Can the Instant Pot Save You Money?

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Can you save money using an Instant Pot? Does it help you cook frugally while eating healthy? I put my Instant Pot through 9 months of testing before I gave this honest review. From Cheapskate Cook

 

This post contains affiliate links, which means I receive a small compensation if you make a purchase using the links. You can view my full disclosure policy here.

 

Did you jump on the Instant Pot bandwagon yet?

Every single time I hop on Pinterest I see a post about “200 Best Instant Pot Recipes” or  “75 Whole30 Instant Pot Meals,” or “50 Ways to Eat Vegan with the Instant Pot.”

Honestly, I didn’t want an Instant Pot. Posts like that overwhelmed me – I never want to scroll through 200 recipes for one appliance.*

It felt like a First World frenzy. People raved about this hot new kitchen tool, and when they finally got their $100+ appliance they were too intimidated to use it.  

However, 9 months ago, I mysteriously received the Instant Pot Ultra 6-quart, 10-in-1 (affiliate link) in the mail (go here to see the unboxing video). There was no hint about who sent it – only a note that read: “I can’t wait to see what you make!”

Challenge accepted.

Now I had an Instant Pot, and I knew it could make at least 325 meals. But could it help me keep my kitchen frugal?

 

Githeri (Kenyan Corn & Beans) - In America, it’s easy to feel discouraged about healthy, frugal eating. Our classic cheap food consists of macaroni and cheese, spaghetti, and freeze-dried ramen noodles. But look outside our borders and you’ll find an endless supply of flavor town. This East African inspired dinner is frugal, easy to prepare, and loaded with real food. It's also vegan, vegetarian, freezer-friendly, dairy-free, and gluten-free.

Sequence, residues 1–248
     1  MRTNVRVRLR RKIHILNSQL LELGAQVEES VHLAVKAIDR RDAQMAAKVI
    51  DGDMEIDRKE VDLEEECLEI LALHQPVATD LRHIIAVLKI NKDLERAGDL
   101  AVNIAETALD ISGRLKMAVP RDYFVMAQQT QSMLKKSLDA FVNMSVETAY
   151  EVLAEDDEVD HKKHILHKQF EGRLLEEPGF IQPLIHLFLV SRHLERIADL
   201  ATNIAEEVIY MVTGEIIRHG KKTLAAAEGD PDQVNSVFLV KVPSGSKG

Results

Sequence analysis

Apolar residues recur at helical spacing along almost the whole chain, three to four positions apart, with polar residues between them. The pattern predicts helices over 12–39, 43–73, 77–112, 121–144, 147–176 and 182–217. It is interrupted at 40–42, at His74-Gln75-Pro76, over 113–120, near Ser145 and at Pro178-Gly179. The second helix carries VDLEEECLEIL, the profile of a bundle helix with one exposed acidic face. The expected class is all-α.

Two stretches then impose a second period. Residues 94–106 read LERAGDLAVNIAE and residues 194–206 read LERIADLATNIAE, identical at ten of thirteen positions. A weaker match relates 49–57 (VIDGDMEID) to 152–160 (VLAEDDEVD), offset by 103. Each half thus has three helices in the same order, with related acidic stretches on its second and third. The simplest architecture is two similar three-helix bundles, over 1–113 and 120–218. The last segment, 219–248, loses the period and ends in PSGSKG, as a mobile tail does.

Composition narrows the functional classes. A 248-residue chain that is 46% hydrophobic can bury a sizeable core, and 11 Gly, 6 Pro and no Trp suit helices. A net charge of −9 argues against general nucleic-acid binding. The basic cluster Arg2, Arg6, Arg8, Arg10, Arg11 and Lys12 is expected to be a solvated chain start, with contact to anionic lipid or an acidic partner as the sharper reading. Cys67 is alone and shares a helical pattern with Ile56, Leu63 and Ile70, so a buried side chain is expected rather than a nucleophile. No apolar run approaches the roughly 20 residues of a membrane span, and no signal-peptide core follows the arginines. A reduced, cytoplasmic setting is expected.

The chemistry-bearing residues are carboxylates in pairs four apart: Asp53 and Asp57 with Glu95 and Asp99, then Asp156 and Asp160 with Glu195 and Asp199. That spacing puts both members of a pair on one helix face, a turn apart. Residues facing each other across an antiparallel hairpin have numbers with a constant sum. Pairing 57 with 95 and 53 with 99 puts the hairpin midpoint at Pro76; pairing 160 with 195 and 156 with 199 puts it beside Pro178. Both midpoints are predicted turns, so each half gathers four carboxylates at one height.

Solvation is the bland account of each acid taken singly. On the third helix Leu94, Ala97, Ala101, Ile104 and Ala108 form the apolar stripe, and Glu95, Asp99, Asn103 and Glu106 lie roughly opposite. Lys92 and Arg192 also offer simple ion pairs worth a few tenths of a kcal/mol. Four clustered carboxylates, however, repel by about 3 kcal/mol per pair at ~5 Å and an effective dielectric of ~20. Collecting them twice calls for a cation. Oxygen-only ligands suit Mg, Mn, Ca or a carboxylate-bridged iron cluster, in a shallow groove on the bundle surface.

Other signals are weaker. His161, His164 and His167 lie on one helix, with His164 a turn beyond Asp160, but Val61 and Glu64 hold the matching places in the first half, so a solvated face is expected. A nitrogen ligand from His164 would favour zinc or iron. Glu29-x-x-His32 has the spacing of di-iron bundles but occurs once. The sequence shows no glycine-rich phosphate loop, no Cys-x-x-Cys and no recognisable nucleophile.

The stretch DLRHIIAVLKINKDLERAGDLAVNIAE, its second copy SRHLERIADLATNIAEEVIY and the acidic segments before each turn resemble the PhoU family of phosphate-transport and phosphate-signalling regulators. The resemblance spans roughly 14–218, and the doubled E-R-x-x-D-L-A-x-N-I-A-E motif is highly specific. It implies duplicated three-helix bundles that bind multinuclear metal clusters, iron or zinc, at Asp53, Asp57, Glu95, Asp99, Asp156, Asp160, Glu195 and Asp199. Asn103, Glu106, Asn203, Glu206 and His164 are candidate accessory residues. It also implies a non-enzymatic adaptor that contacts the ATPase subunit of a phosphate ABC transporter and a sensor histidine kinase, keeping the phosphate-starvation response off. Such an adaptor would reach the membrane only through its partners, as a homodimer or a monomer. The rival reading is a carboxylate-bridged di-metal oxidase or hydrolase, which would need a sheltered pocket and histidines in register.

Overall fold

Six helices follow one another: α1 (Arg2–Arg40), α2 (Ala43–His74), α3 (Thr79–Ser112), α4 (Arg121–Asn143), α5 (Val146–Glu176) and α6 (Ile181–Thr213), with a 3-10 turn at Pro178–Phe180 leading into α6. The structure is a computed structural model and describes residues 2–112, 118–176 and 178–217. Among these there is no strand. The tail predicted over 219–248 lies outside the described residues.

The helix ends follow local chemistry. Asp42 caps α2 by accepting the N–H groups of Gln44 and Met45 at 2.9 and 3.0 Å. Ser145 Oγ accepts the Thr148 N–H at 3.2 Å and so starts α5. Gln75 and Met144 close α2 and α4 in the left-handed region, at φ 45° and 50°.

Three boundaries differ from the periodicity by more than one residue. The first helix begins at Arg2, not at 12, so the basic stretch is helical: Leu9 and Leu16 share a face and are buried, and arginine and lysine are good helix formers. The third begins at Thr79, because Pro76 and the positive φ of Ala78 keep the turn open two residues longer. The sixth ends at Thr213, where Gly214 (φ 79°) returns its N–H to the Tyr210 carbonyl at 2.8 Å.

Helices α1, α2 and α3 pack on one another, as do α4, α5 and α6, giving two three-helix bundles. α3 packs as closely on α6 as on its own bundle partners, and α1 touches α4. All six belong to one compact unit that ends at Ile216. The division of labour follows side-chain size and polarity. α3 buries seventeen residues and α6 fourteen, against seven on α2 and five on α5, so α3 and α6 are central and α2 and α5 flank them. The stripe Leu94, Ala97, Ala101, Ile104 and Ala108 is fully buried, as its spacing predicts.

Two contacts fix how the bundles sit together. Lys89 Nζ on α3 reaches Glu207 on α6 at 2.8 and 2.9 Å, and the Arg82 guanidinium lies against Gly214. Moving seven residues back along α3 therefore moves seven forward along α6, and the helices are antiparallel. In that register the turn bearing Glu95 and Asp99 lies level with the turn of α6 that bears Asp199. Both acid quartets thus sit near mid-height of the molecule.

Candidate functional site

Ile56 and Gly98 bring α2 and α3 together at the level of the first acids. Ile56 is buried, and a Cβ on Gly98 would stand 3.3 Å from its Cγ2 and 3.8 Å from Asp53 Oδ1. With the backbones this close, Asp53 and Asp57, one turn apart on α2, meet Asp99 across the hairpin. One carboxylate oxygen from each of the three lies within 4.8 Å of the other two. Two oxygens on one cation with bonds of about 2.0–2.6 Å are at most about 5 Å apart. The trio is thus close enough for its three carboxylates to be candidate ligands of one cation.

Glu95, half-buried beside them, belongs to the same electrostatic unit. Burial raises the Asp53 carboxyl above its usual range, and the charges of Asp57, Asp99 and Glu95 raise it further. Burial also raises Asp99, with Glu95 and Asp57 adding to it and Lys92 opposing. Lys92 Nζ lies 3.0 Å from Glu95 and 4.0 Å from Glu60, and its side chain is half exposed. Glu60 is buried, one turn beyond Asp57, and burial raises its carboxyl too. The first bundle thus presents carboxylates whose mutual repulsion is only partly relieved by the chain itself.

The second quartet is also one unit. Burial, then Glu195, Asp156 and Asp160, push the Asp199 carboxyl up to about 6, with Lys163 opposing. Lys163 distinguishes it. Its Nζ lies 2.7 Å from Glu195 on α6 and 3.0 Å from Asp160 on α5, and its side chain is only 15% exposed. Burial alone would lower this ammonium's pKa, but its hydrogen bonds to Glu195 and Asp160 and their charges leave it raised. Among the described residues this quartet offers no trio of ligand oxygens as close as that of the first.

3 Goals

When it comes to our food at home, I have 3 goals:

1. Health

Does this recipe/tool/whatever help me cook food that’s going to help us live well?

2. Frugality

Will this help me make good use of my resources – money, time, energy, etc?

3. Taste

Because if it doesn’t taste good, it doesn’t matter.

 

Big Concerns

Programmable pressure cookers concerned me for several reasons:

Can You Cook Frugally?

Most of the IP recipes I saw on Pinterest were for Mongolian Beef, ribs, or other meat-heavy meals. Could I cook flavorful meals that were loaded with vegetables and other frugal real foods?

Does it Really Save Time?

Sure, you only have to set it for 2 minutes to steam carrots, but it takes at least 15 to preheat and 10 more to release the pressure. That suspiciously adds up to the same amount of time without a pressure cooker.

Can’t I Just Use the Slow Cooker?

I mean, it accomplishes the same task – I just have to start it in the morning, right?

 

Mixed dry beans

 

Testing, Testing

Over the coming months, I used the Instant Pot constantly.  I’ve tried all kinds of recipes with it – meatless, paleo, frozen meat, whole chickens, yogurt, etc.